High instances of missing anti-virus software, un-patched software,
the prevalence of malware and poorly managed hardware lifecycles are
negatively impacting the effectiveness of the average North American
information worker. The report underscores how the challenge of setting,
monitoring and enforcing IT policies is limiting the productivity of North
American organizations and exposing them to unnecessary security risks and
needless expenditures.

Collected over a two year period, the report uses inventory data from
some 90,000 desktops and servers, representing over 200 organizations from
across the United States and Canada. Through a process called the Softchoice
TechCheck(TM), participating organizations were asked to complete a survey
detailing their organization’s stated IT policies, practices and standards.
They then provided Softchoice with a copy of the data from their inventory
solution for analysis. The two information sources were compared in order to
identify the gaps between stated IT policies and practices and the realities
of the desktop environment itself. The aggregated statistics formed the basis
of the study.

“What we have seen is a breakdown within IT departments when it comes to
verifying the healthy state of their technology assets,” said Edwin Jansen,
manager of the Softchoice services group responsible for the study. “Our
findings show that many organizations either don’t realize the value of
maintaining effective IT asset management practices or they don’t think they
need to be worried. This is clearly not the case.”
While most organizations stated that they believed themselves to be well
protected from a security perspective, of the PCs surveyed in the study, 6
percent were found to be missing antivirus software entirely and 5 percent
were found to be missing the most current anti-virus updates. Moreover, on
average, 23 percent of PCs within organizations were found to be missing major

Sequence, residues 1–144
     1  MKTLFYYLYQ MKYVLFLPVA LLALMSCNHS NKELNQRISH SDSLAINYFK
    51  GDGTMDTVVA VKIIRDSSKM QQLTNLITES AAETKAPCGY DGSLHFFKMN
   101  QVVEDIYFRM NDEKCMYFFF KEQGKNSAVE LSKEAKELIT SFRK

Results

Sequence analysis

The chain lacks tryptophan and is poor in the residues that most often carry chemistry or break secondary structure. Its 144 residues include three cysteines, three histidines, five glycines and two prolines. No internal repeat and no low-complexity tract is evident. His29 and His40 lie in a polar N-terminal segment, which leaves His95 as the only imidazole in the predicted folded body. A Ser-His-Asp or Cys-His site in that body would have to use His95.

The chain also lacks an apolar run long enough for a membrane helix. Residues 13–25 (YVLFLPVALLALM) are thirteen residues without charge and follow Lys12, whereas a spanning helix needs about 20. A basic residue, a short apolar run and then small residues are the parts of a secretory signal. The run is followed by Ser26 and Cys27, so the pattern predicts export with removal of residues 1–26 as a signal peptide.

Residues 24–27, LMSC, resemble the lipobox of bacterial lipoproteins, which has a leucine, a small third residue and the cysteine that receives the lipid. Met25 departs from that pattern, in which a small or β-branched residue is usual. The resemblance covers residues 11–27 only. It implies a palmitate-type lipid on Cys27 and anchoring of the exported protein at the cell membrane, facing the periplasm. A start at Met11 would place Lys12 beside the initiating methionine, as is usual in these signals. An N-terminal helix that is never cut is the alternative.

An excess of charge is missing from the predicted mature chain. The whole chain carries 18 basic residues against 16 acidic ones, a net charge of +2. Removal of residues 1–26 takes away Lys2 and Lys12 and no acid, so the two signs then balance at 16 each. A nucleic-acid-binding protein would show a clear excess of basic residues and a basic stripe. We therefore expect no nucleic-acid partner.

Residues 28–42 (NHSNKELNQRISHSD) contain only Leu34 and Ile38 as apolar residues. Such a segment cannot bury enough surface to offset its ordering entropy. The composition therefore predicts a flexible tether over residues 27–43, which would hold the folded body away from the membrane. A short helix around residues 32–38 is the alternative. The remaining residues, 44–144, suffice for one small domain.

Operating System (OS) Service Packs, a critical line of defense in protecting
end users from the latest virus threats.

“There’s a real gap between how secure people think they are and what
protections have actually been deployed to the desktop itself,” said Dean
Williams, a Services Consultant for Softchoice and the author of the report.
“This disconnect is translating directly into serious risks, even for
organizations that have invested substantially in network and desktop security
On average, 49 percent of the PCs surveyed were found to have moderate to
severe infestations of adware, spyware and other malware. While not
immediately obvious to the end user, the presence of even one or two malware
applications can substantially degrade a PC’s performance, leading to longer
computer boot up times and higher rates of system crashes, all of which affect
end user productivity.

Sixty three percent of participating organizations said they were
attempting to actively maintain a hardware asset lifecycle within their
organizations. Of this group, 39 percent of the hardware assets inventoried
were found to be beyond the organization’s stated lifecycle or PC retirement
schedule. PCs typically pay for themselves many times over; however, at the 36
month mark, the costs of supporting and maintaining these systems begin to
increase and, by 42 months, often surpass the outlays made in the initial 12
month period.
“The popular wisdom seems to be that keeping a PC in use longer means
less money spent,” added Mr. Williams. “But issues such as increasing support
costs, decreased resale value and even potential costs for disposal
demonstrate that managing a predetermined retirement age for PCs has
significant benefits.”

Softchoice Services was responsible for providing the TechCheck
consultations and for compiling the data used in this study. In all, survey
statistics and IT inventory data from 210 organizations were utilized for the
analysis. A wide variety of industries were represented in the study including
healthcare, technology, insurance, financial, non-profit, education,
government, and manufacturing. The organizations ranged in size from 28 to
4,452 PCs; the average number of PCs per participating organization was 456.